I have been intrigued by the idea of measuring volunteerism for long. I always thought of volunteering as a qualitative field, while everywhere it is measured in numbers. “We have 70000 volunteers registered with us!” “We work with 8000 non-profit partners” “Our volunteers helped more than 20000 people last year”… When I got a chance to interact with Mike Bright; founder of the microvolunteering platform Help From Home; one of my earliest questions was how do they measure their performance. Below is an account of how Help from Home measures [or rather not measures] volunteering on their platform.-Ashima Goyal Siraj
HelpFromHome.org is a directory of 3rd party run microvolunteering actions and is considered to be one of the leading microvolunteering platforms in the world. We use these 3rd party run actions to increase volunteering participation rates in different sectors of society, throughout the world. These sectors are primarily the home, the school, in work, senior citizens and disabled people.
One of the main questions we are often asked concerns volunteer retention rates and is it any different to traditional volunteering? Our answer to both is that we honestly don’t know. The reason for this is that we are primarily a directory of 3rd party run micro-actions – third party being the operative word here i.e. we don’t have access to their stats on volunteer involvement.
So what of the number of repeat visits to our website, which could indicate a continued interest in this type of volunteering. Our web stats show that people visit our website twice on average and per visit they are accessing between 9-11 pages. The low number of repeat visits is indicative of the fact that we are primarily a directory of microvolunteering opportunities and as such, once somebody has found an action that interests them, there is usually no need to revisit our website in the immediate future.
Whilst we cannot put our finger on the volunteer retention aspect of microvolunteering we can say quite definitely that interest in the microvolunteering concept is growing rapidly. We have seen an increase in our web traffic by over 100% in the past year, all achieved without spending any money on promotion or marketing, ie. our web traffic has been generated via word of month.
But how many visitors to our website actually volunteer? Again, we honestly don’t know as we don’t have any impact monitoring functions on our website. That’s not for lack of wanting some, it just boils down to a lack of funding for such tools. But as a gut feeling, I would say 10 – 20% of visitors to Help From Home actually microvolunteer. To put that into context, we’re currently getting 225,000 visits per year.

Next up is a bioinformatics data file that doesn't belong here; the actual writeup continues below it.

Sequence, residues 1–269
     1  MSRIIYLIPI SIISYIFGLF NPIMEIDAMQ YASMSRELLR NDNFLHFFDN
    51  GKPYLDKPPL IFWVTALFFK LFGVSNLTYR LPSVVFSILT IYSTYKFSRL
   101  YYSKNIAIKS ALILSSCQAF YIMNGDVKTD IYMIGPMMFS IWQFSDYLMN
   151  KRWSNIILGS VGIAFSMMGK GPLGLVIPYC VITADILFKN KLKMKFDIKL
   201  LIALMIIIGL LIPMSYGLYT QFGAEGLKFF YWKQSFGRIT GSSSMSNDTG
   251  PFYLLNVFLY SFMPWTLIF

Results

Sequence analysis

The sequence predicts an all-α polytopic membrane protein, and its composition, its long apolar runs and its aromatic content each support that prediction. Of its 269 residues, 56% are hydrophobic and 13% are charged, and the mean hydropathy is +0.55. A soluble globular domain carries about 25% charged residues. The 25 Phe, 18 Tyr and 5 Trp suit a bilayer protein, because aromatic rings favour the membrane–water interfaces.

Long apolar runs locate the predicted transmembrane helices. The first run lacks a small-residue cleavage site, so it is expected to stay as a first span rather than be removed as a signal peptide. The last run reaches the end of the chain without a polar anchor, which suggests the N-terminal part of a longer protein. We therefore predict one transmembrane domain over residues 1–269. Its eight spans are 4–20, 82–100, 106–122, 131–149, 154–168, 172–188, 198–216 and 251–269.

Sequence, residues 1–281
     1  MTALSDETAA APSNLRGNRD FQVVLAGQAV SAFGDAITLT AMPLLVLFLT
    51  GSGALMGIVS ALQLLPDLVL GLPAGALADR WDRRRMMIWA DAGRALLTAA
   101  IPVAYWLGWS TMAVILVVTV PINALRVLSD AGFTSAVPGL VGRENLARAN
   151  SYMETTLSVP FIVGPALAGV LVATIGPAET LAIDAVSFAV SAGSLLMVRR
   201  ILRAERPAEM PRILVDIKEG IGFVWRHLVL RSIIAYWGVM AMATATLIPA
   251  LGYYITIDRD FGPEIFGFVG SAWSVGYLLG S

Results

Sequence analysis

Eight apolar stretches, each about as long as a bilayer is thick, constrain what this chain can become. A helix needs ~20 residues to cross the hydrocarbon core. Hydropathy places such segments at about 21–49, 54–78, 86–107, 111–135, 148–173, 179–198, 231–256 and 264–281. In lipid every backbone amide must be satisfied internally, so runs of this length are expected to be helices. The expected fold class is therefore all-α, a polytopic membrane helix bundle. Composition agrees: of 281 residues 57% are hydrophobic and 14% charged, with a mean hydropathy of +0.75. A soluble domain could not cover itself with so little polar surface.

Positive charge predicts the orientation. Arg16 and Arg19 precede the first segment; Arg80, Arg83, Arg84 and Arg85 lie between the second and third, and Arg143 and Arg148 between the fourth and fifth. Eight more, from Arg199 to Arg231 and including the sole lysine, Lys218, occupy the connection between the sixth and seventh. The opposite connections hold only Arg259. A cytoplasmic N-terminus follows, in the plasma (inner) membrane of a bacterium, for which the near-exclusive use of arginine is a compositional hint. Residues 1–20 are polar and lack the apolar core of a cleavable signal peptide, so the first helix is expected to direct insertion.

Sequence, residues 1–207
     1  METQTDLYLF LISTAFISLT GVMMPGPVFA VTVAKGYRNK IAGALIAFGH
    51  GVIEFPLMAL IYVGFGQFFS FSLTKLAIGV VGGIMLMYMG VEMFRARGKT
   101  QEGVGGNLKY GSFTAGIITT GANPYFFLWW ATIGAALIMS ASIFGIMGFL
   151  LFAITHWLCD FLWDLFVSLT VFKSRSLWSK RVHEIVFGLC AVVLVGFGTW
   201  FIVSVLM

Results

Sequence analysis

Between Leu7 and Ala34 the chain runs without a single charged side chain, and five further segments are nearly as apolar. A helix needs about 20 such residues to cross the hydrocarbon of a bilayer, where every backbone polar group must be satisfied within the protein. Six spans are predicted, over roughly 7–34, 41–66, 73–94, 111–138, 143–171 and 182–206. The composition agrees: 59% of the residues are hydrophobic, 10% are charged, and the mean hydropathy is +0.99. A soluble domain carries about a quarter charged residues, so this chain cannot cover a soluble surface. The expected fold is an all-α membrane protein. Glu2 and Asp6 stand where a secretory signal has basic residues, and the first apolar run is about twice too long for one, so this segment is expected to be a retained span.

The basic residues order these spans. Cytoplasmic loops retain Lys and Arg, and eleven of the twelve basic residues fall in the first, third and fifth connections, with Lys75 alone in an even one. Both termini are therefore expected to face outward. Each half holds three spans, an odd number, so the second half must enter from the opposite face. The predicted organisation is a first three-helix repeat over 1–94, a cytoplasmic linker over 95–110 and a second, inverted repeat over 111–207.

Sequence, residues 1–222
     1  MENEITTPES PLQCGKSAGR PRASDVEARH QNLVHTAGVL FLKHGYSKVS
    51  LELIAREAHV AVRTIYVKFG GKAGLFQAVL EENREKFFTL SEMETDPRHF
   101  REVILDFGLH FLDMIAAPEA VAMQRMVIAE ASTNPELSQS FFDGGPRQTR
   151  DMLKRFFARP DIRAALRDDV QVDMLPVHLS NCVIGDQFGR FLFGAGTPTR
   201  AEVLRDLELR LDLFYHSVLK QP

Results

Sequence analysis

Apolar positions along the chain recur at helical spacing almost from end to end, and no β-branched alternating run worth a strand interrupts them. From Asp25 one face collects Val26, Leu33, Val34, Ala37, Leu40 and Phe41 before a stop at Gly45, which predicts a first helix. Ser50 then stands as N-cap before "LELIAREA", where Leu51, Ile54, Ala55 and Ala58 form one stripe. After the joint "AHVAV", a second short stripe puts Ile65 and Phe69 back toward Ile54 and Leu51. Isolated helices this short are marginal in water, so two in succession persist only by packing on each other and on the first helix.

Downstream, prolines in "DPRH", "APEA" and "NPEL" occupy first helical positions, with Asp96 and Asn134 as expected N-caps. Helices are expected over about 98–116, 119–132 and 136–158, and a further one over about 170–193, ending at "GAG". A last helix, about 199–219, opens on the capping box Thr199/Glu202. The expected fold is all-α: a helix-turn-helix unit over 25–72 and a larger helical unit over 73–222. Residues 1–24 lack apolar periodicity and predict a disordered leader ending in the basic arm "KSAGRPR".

As mentioned before we are a directory of 3rd party run microvolunteering actions, but we do have our own volunteering roles up for grabs. I suspect that our experience with recruiting volunteers matches those in the traditional volunteering sector i.e. the number of people that continue to volunteer for us beyond our initial response to their enquiry is very small and of those that continue this commitment beyond a week, it gets even smaller! If you’re interested in the figures, we receive an average of 2-3 enquiries/week from which 2-3 volunteer for us for a couple of months at a time per year.
One surprising element of running Help From Home has been the number of people who apparently have been inspired by the concept of microvolunteering and have used Help From Home as the catalyst for a project they intend to set up, with which they then approach us to collaborate on. That’s a very exciting development for us, as we’re in a position to offer web space for these projects, whilst in return obtaining the chance to increase our impact for change.
So in conclusion then, whilst we feel our efforts have contributed to the growing global interest in the microvolunteering concept, as evidenced by our web traffic, we can’t as yet quantify the volunteer involvement or retention rate. Until we source some funding, that situation is unlikely to change.